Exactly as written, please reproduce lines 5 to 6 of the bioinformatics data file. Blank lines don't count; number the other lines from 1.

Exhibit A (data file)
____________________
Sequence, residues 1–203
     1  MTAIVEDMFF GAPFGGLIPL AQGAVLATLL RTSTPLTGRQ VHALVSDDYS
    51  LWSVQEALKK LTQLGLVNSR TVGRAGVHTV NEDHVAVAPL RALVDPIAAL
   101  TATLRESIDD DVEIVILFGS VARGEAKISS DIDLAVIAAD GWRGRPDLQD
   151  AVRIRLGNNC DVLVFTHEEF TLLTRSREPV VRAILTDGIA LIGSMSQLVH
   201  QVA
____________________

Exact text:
   151  AVRIRLGNNC DVLVFTHEEF TLLTRSREPV VRAILTDGIA LIGSMSQLVH
   201  QVA